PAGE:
Remember, you are writing your technical content so individuals will read it, and while in a perfect world, knowledge is the only thing needed, most of the time, this is not the case. Therefore, incentivize the reader to engage for the greatest impact at every chance.

7. Avoid references to time-sensitive information

The best content remains evergreen for the long run, so you will want to step over references that relate to time. Phrases like 'During 2019' and 'present year' will quickly date your writing and reduce the validity and value over time. 

You want to keep your writing alive. So if you need to refer to a period, try to generalize with phrases like 'in the last three years or 'following the last decade' – these ambiguous references give your argument a time reference without sacrificing its long-term significance.

8. Analyze your competitor’s content for pointers

See what works for your competition. Take a look at how they are engaging and take the best bits for yourself. There is no shame in sneaking at how your competition is discussing technical topics; it is the best way to determine how good your current writing is comparatively and where you can improve. 

Do not be afraid to welcome other technical writing articles to improve your own.

9. Update and revise your content over time

Everything changes fast in the technical world, especially knowledge, so it makes sense to update your content accordingly. In addition, when seeing regular traffic on particular pieces, it is in your best interest to keep them reworked so your audience can get maximum value.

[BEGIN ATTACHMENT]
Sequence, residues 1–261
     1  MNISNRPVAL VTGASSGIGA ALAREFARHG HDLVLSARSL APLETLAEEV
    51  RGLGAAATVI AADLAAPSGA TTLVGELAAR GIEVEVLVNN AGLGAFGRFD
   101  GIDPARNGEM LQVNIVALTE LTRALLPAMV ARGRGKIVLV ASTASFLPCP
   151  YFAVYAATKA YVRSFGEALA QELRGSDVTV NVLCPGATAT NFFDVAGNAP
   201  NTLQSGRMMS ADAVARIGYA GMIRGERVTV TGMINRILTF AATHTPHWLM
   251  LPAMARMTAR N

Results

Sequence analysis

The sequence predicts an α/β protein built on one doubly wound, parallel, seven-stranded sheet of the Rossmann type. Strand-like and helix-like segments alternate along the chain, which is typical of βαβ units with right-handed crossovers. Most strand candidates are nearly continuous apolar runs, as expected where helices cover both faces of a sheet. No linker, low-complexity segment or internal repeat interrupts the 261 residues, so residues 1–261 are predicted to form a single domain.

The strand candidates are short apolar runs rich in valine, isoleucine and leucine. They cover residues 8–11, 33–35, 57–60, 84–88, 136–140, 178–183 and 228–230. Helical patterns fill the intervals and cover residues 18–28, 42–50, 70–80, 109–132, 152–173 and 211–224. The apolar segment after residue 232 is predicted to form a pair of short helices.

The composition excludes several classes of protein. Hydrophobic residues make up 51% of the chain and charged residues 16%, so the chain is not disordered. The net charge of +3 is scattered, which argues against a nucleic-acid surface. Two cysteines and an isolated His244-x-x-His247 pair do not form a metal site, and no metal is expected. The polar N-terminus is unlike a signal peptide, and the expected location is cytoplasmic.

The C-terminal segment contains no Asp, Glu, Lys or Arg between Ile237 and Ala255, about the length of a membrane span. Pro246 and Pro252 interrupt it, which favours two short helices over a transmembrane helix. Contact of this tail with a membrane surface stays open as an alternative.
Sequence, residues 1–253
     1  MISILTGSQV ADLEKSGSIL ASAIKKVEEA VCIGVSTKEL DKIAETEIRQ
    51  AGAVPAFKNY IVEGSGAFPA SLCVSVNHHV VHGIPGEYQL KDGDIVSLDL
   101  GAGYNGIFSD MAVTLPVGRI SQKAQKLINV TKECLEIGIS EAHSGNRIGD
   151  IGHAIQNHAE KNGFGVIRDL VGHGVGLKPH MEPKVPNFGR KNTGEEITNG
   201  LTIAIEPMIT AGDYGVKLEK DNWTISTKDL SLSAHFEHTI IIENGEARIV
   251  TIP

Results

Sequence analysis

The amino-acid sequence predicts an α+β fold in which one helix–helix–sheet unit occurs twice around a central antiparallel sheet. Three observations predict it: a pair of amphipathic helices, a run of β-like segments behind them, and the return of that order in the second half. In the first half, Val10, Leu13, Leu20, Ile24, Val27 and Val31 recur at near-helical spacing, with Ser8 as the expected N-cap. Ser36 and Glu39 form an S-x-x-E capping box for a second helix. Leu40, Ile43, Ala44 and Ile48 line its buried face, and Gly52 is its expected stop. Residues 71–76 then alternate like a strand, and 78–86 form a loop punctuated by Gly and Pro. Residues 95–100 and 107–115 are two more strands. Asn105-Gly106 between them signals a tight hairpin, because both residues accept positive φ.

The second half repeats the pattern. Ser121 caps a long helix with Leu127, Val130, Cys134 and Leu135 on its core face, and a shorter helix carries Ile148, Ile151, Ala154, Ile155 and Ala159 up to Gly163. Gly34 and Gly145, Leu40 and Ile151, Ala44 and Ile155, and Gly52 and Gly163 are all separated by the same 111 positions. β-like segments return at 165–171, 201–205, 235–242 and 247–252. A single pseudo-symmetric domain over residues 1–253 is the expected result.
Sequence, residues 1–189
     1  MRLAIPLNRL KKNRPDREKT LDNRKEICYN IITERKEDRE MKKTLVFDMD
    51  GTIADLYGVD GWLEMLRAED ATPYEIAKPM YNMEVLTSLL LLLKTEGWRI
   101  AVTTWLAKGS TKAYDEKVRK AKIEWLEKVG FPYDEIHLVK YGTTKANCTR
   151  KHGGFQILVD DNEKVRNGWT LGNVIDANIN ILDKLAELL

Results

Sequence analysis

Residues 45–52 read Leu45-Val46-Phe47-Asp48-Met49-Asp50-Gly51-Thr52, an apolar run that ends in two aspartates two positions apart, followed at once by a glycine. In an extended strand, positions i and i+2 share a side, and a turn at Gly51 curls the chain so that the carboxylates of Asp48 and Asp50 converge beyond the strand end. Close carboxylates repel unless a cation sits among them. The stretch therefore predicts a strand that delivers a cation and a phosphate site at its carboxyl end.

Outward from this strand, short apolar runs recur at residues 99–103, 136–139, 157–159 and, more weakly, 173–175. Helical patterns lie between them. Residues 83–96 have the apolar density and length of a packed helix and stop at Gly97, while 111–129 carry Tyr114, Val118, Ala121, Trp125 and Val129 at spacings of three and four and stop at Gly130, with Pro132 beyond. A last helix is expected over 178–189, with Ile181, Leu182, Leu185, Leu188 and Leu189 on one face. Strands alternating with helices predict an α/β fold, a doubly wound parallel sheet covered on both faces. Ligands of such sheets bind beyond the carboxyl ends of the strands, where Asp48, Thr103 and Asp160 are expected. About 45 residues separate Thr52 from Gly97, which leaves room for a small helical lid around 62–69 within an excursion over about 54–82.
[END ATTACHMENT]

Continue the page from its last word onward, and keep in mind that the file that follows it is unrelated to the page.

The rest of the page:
This optimizes the prospect of your writing and reflects the current state of your work. 

10. Get a third party to review and proofread all writing before publishing

We will round off with a simple and easy tip that applies to all general writing but is arguably more critical in the technical field. 

Remember to get someone to review and proofread everything you write. This person needs to be looking for grammar errors and, ideally, fact-checking to ensure the statements you have made make sense and are accurate. It is amazing what a 3rd party can pick up – if you can avoid it, do not QA your writing.   

Technical Writer Interview Tips

  1. Dress professionally: As a technical writer, you should show up in your professional attire. Dress formally.
  2. Brush up on English grammar: Many organizations take the written test on grammar before hiring a technical writer. Brushing up clauses and subject agreements is an excellent idea.
  3. Portfolio: Carry a portfolio of your professional writings. You can take printouts of your published work, or you can even carry a pen drive that has links to your published work.
  4. Latest trends: Technical writing is a growing field. Latest technologies are arriving to assist technical writers. Thus, staying up-to-date with information as it comes is a great idea. Familiarize yourself with the latest publishing technologies and trends.

Conclusion 

These are some of the questions you will encounter in a Technical Writer Interview when you apply for a technical writer job. 

If you have detailed knowledge about technical writing, then interviews are an easy job. However, along with knowledge about technical writing, you need to also have great proficiency in English and be well versed with the latest trends in technology.

If you are new to technical writing and are looking to break in, we recommend taking our Technical Writing Certification Course, where you will learn the fundamentals of being a technical writer, how to dominate technical writer interviews, and how to stand out as a technical writing candidate.